Saturday, December 20, 2008

Science and The Mystery

If you package science in a box, wrap it with shiny paper, and stick a bow on top, the world becomes safer.

This is what children want. This is what the parents of children want. This is what we do in kindergarten.

I teach high school. The adult version of science takes you to places that are open and unknown. While I have no problem with teaching safe sex in high school, there is no place for safe science.

Opening up the unknown is frightening to a culture based on immortality. We have a responsibility to teach the truth, to show the limits of what we know, and what we can know.

If you teach science honestly, you will bump into limits. You will skirt the edges of nihilism.

My students want to know what I believe--I avoid the question. Some think I am a raving Creationist, some think I'm Jewish, many assume I'm Catholic, and a few suspect I am atheist.

(One student asked me if I was a Satanist--I use my index and pinky to signify "two", a habit picked up when I coached Little League, and he misread it as some secret signal. No, I am not a Satanist.)

What I "am" does not matter in the classroom, nor should it.

I start each year explaining that science is about models, stories constructed using specific rules to explain the universe.

I have faith in patterns. Whatever this thing is, it follows rules.

We have been talking about photosynthesis, and the source of oxygen on Earth. Water is split by light, releasing oxygen.
Where did the water come from? Maybe comets, maybe not. Where did that water come from? Shrug. Where did the first cell come from? Shrug. Where did the mass/energy for the Big Bang came from? Shrug. What is mass/energy? Shrug.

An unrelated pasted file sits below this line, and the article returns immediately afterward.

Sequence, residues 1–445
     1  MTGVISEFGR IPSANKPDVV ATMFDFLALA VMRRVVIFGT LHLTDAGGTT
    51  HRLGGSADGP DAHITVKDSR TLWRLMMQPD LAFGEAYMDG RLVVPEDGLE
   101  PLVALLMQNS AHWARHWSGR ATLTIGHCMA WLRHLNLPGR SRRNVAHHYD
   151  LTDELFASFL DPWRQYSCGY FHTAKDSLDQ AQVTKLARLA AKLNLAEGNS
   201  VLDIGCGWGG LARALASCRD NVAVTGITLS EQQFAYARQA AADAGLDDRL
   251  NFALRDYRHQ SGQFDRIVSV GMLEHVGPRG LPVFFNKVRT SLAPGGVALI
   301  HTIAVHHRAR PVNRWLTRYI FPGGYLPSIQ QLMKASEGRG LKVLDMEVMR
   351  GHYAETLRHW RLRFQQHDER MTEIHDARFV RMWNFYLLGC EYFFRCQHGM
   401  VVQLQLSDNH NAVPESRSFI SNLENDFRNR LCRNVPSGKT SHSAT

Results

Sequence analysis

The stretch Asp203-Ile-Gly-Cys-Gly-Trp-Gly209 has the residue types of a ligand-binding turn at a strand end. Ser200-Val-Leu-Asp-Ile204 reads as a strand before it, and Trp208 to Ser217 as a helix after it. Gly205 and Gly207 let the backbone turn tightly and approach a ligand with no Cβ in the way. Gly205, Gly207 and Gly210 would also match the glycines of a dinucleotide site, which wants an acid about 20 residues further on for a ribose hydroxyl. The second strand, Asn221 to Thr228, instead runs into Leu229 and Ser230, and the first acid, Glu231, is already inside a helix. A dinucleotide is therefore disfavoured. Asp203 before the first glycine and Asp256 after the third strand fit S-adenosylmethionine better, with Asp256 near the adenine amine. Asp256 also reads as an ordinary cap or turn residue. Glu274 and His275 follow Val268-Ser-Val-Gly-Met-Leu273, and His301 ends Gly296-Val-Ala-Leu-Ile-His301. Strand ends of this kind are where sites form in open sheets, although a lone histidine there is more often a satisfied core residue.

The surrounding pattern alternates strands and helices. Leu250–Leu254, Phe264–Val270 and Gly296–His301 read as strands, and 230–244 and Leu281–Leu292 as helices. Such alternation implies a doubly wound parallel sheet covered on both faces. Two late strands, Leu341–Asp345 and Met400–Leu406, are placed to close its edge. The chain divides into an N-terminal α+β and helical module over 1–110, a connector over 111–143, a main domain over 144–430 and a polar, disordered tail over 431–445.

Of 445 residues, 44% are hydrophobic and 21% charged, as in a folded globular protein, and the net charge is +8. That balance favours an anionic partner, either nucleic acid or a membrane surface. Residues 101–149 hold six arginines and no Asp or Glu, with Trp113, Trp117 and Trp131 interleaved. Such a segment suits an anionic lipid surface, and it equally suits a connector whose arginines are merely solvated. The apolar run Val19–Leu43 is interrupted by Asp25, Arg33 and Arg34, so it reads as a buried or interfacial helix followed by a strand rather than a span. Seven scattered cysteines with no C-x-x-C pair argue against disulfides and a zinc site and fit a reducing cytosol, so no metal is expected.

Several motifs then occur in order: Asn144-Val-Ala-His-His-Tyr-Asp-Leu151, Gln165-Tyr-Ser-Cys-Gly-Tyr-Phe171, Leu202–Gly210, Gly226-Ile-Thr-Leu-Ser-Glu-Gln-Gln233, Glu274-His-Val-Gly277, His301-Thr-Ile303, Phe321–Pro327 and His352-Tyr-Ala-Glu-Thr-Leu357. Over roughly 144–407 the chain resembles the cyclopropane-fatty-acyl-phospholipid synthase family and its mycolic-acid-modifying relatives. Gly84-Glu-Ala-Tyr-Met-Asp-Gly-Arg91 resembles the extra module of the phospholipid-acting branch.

I shrug a lot in class. I tell the students to ask their mothers, their rabbis, their priests, their imams, their philosopher kings, the Buddha, the whatever.

I explain that I teach science, and that this is as far as it goes. A few are frightened by this (and I am heartened to see a few see the abyss).

I also tell them they can ask me outside the school if they ever see me (and they do, since I live in town).

No one ever asks. If they do, though....shrug.

The cartoon is from here xkcd and can be found here:


Barry Bachenheimer said...

Perhaps this is similar to the astute social studies teacher talking about political issues who never quite lets his students know where he/she stands on issues because he/she can argue both sides well to facilitate discussion.....

Blogger In Middle-earth said...

Kia ora Michael.

I've always believed Science is about how, not why.

I don't believe Newton really asked, 'why did the apple fall?' Everything that he ever described about things falling showed us how they fell, not why. I don't believe he even thought about looking for the answer to why.

Faraday was much the same. Come to that, Einstein did similarly. If you read all the books that Stephen Hawking writes, he never asks why either.

Why is that?



How is that?

Catchya later
from middle-earth

doyle said...

Dear Barry,

A good analogy. Science teachers have the luxury of "knowing" what the current best story/model is, even though it's always in flux. I have no problem presenting ideas as darn good ones--it's the edges of science, things we cannot know, that clam me up.

And I am on my way to Montclair January 9th! w00t! Got the approval, hope you guys got the check. Really excited by it!

Kia ora Ken.

Much of science is the "how"--laws (such as law of gravity) do not explain anything, they just formalize what we observe to be "true" (or at least see as predictable patterns).